2017-01-01

    By comparing the properties of non-recycled radio-loud γ-ray pulsars and radio-quiet γ-ray pulsars, we have searched for the differences between these two populations. We found that the γ-ray spectral curvature of radio-quiet pulsars can be larger than that of radio-loud pulsars. Based on the full sample of non-recycled γ-ray pulsars, their distributions of the magnetic field strength at the light cylinder are also found to be different. We note that this might result from an observational bias. By reexamining the previously reported difference of γ-ray-to-X-ray flux ratios, we found that the significance can be hampered by their statistical uncertainties. In the context of the outer gap model, we discuss the expected properties of these two populations and compare with the possible differences that are identified in our analysis.

  3. Searching for debris disks around seven radio pulsars

    SciTech Connect

    Wang, Zhongxiang; Wang, Xuebing; Ng, C.-Y.; Li, Aigen; Kaplan, David L.

    2014-10-01

    We report on our searches for debris disks around seven relatively nearby radio pulsars, which are isolated sources that were carefully selected as targets on the basis of our deep K{sub s} -band imaging survey. The K{sub s} images obtained with the 6.5 m Baade Magellan Telescope at Las Campanas Observatory are analyzed together with the Spitzer/IRAC images at 4.5 and 8.0 μm and the WISE images at 3.4, 4.6, 12, and 22 μm. No infrared counterparts of these pulsars are found, with flux upper limits of ∼μJy at near-infrared (λ < 10 μm) and ∼10-1000 μJy at mid-infrared wavelengths (λ > 10 μm). The results of this search are discussed in terms of the efficiency of converting the pulsar spin-down energy to thermal energy and X-ray heating of debris disks, with a comparison made of the two magnetars 4U 0142+61 and 1E 2259+586, which are suggested to harbor a debris disk.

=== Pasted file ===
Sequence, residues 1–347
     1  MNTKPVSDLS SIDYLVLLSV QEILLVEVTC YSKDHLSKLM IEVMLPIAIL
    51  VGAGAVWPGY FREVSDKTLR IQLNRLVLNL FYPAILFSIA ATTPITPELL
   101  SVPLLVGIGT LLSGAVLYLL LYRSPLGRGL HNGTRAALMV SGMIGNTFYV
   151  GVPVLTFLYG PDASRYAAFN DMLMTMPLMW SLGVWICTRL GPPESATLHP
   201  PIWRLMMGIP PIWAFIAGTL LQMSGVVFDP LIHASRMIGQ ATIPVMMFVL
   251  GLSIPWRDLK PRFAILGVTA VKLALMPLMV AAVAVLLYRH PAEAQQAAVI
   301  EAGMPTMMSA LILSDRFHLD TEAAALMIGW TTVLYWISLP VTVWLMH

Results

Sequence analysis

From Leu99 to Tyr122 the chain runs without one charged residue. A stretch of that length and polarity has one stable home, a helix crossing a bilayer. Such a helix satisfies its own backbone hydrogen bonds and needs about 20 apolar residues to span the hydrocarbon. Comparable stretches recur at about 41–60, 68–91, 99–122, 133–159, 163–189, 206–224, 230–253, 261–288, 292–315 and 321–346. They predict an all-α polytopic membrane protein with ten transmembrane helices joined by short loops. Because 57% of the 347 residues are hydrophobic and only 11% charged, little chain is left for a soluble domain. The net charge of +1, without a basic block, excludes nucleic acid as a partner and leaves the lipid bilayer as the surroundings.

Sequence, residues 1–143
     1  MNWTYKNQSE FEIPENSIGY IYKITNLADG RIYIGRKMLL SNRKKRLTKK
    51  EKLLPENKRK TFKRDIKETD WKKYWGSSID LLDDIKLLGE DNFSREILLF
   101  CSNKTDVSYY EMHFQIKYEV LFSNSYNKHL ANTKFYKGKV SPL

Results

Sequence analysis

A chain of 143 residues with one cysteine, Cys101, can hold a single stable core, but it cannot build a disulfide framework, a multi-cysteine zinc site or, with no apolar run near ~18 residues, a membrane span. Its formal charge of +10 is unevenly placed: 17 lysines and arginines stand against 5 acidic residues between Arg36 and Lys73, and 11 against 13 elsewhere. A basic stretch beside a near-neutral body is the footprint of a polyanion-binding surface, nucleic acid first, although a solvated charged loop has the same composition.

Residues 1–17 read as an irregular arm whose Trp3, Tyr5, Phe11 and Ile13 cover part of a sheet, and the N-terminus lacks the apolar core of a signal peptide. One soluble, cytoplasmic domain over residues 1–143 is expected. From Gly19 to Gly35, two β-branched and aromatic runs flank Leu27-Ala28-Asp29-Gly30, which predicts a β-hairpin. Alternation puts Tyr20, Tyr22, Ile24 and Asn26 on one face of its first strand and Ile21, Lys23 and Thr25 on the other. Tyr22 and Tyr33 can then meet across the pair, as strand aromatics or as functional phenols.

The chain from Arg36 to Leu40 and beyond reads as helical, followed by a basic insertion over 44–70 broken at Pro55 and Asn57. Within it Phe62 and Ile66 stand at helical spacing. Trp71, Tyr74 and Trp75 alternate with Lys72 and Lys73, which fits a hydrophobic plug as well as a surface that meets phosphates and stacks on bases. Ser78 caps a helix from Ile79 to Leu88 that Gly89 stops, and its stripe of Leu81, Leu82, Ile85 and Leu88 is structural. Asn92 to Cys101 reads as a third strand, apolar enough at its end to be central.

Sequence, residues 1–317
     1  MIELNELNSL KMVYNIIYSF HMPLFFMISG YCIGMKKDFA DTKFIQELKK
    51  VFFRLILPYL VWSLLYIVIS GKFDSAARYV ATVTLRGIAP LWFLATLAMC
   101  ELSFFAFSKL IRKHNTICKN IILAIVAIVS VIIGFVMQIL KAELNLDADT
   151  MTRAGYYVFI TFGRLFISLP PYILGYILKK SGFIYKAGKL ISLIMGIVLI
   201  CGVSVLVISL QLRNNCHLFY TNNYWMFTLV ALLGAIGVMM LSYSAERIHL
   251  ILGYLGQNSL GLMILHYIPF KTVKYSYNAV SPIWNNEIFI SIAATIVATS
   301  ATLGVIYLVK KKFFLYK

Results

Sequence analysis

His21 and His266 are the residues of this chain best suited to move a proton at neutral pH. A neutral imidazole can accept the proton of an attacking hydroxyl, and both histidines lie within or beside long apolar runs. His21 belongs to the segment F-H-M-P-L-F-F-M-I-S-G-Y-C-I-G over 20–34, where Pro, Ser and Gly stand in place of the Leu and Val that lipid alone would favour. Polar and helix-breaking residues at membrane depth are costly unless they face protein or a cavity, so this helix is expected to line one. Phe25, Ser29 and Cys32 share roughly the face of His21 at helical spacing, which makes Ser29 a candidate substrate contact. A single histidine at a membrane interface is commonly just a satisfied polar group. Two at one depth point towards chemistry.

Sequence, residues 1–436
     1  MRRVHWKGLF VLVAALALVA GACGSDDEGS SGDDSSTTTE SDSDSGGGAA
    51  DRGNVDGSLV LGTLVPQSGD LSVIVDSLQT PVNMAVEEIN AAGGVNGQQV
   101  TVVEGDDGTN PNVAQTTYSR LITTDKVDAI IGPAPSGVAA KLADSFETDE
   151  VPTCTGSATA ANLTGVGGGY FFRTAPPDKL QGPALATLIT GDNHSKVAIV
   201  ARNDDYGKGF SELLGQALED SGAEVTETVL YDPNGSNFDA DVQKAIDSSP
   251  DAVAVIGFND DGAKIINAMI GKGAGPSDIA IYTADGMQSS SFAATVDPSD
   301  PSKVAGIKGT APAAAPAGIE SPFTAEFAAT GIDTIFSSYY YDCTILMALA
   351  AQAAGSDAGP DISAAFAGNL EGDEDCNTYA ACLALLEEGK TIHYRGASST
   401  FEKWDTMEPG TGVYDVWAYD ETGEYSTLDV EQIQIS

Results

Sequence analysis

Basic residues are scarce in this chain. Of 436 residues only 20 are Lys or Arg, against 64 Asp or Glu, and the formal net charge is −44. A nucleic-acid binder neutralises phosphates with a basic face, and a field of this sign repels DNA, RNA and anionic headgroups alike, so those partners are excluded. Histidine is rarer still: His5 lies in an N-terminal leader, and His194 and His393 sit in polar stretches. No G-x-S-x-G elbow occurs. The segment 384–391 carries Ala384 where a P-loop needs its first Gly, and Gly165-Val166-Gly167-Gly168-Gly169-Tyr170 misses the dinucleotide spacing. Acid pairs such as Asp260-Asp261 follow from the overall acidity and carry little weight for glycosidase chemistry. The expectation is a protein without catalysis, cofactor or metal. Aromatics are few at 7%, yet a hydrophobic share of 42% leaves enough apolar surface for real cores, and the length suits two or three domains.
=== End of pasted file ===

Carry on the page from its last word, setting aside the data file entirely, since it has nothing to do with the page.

4. A search of the SAS-2 data for pulsed gamma-ray emission from radio pulsars

    NASA Technical Reports Server (NTRS)

    Ogelman, H. B.; Fichtel, C. E.

    1976-01-01

    Data from the SAS-2 high energy gamma ray experiment were examined for pulsed emission from each of 75 radio pulsars which were viewed by the instrument and which have sufficiently well defined period and period derivative information from radio observations to allow for gamma ray periodicity searches. When gamma ray arrival times were converted to pulsar phase using the radio reference timing information, two pulsars, PSR 1747-46 and PSR 1818-04, showed positive effects, each with a probability less than 0.0001 of being a random fluctuation in the data for that pulsar. These are in addition to PSR 0531+21 and PSR 0833-45, previously reported. The results of this study suggest that gamma-ray astronomy has reached the detection threshold for gamma ray pulsars and that work in the near future should give important information on the nature of pulsars.

  5. Binary pulsars as detectors of ultralow-frequency gravitational waves

    NASA Astrophysics Data System (ADS)

    Kopeikin, Sergei M.

    1997-10-01